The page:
Jean Barbeau, author of successful comedies in the theater, who used the joual and the popular Quebecois speech with humor and intelligence, died Thursday at the age of 74 years. He had enjoyed popularity across the province, in the 70s and 80s, with works often featured in summer theaters, by amateur troupes and in schools.
"Great sadness" wrote Michel Tremblay on Facebook, learning the new Thursday morning. "The discovery, in 1970, of an author, a place in Quebec, the Chantauteuil, two pieces, The path of Lacroix and Bobolink, an actress, the wonderful Dorothée Berryman, two great actors, Marc Legault and Raymond Bouchard, "adds the playwright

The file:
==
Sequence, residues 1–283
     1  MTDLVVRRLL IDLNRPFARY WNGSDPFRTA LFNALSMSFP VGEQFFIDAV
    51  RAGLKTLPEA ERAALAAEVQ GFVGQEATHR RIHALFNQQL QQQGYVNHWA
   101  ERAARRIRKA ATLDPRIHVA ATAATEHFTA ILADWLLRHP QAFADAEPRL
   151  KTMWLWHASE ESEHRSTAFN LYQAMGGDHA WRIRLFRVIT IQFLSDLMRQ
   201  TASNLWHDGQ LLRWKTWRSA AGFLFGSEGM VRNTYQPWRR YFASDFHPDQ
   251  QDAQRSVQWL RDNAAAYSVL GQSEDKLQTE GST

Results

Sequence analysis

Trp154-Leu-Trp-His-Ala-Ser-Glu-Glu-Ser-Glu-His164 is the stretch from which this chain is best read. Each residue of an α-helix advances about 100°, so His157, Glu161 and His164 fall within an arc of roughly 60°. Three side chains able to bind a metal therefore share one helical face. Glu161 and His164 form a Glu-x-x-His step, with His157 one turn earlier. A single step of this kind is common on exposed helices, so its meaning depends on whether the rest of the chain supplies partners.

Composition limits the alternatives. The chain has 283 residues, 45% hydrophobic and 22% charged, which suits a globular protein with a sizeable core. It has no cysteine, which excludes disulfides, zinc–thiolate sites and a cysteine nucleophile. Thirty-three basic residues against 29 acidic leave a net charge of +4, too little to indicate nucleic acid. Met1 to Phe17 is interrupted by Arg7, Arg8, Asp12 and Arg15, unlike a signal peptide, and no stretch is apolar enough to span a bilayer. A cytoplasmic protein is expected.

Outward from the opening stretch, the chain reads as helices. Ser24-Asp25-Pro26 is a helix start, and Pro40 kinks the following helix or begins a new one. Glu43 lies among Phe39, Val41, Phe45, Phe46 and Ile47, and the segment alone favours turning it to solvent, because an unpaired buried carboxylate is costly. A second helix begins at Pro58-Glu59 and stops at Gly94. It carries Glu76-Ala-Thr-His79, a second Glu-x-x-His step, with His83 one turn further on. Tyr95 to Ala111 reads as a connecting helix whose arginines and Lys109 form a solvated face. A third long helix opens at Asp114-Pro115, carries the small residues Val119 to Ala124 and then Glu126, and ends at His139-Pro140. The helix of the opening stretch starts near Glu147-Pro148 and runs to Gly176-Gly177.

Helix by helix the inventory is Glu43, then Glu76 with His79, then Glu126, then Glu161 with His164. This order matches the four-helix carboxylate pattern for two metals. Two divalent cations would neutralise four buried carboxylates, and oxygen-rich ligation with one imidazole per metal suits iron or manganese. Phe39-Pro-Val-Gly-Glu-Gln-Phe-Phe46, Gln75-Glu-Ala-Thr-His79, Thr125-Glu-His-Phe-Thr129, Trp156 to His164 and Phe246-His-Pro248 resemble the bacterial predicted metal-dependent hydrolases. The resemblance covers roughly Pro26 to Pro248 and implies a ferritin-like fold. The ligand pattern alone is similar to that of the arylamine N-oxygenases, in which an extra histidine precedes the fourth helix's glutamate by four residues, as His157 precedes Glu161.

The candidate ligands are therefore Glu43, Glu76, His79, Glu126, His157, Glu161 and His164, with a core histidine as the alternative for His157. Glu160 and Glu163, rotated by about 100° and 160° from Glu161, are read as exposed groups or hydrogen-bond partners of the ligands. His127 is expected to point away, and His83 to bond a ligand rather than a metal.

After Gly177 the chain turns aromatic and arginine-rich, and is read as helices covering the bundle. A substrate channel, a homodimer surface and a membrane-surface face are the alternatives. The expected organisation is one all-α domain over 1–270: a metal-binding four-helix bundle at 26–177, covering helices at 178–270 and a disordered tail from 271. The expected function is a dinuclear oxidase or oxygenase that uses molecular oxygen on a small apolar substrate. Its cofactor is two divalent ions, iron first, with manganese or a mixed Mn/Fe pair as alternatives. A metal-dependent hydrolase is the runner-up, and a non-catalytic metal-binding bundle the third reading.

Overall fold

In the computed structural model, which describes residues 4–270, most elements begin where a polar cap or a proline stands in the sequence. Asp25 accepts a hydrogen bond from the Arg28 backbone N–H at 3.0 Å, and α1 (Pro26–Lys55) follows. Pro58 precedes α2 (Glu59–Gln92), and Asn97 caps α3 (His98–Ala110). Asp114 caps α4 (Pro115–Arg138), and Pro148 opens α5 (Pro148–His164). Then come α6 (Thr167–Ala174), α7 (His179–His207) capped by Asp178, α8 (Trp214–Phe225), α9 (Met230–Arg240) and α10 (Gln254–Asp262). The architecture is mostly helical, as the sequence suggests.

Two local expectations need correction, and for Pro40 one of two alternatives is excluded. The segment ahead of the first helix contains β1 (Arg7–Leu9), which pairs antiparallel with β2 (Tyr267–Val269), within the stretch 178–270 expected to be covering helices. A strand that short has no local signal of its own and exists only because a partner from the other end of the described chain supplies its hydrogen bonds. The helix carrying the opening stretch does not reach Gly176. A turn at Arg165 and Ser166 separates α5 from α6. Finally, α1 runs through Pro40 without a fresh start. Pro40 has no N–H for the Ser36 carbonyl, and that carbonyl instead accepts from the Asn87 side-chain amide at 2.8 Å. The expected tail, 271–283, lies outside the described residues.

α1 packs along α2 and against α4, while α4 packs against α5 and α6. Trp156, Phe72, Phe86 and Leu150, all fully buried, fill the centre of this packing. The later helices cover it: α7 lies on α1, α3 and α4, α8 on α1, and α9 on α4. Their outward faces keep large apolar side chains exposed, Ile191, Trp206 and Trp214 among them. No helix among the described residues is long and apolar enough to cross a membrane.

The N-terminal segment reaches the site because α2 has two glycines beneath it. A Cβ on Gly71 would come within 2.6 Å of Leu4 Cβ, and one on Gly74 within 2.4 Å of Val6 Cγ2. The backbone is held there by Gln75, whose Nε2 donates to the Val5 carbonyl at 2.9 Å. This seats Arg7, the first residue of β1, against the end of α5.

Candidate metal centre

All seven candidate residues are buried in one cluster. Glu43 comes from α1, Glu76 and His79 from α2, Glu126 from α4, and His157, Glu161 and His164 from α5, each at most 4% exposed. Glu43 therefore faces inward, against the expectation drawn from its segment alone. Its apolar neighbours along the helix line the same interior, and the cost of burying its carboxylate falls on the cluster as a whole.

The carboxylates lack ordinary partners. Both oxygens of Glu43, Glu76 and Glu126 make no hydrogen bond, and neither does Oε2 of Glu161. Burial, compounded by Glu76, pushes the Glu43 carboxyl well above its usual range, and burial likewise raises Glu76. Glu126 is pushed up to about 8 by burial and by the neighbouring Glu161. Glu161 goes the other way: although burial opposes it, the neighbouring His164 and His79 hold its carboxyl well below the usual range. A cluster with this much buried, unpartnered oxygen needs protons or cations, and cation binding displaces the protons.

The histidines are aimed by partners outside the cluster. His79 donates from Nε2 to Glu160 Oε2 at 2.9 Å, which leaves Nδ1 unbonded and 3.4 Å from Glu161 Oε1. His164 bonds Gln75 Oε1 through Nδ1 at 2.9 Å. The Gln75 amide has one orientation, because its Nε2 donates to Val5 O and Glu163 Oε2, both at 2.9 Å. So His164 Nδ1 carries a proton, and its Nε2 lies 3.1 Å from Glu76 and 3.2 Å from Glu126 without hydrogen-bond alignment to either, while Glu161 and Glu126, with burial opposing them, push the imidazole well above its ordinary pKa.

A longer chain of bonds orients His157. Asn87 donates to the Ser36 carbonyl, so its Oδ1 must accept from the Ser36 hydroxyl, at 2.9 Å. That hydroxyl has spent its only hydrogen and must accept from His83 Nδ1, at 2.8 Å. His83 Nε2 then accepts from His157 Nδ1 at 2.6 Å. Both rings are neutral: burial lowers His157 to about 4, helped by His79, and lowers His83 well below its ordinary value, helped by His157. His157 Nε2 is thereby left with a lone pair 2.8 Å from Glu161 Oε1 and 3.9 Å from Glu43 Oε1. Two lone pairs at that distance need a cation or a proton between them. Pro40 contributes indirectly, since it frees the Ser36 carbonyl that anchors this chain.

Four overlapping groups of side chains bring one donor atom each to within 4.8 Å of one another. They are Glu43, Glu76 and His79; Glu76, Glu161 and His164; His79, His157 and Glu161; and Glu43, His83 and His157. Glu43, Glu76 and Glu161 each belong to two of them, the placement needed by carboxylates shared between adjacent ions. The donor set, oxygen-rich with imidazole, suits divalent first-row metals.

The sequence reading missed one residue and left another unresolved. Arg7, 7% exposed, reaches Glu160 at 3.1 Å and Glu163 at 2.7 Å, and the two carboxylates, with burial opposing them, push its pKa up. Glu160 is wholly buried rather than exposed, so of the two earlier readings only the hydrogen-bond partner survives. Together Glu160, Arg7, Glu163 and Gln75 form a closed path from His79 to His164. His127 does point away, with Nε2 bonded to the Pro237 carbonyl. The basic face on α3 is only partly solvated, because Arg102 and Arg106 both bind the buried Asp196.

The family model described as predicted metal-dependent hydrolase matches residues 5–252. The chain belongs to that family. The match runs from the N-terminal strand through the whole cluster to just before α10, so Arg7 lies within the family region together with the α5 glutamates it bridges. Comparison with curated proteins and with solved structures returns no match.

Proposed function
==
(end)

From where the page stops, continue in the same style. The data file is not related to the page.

Jean Barbeau was best known for his humorous treatment of joual, the popular talk of Quebec, with plays like Manon Lastcall, writes the Canadian Encyclopedia. His comedy Play me love "Brilliantly illustrates the linguistic and cultural dichotomy that exists in Quebec".
Ben-Ur was a success on stage and also in bookstores: the piece was sold more than 35,000 copies. Guys, produced at the Théâtre Jean-Duceppe, then Pumpkin, created in 1975, directed by Jean-Louis Roux, TNM, also have a social responsibility. Pumpkin denounces sexism, machismo and prejudice against women.
For 30 years, the man has been very discreet. The author stopped writing for the theater in 1989.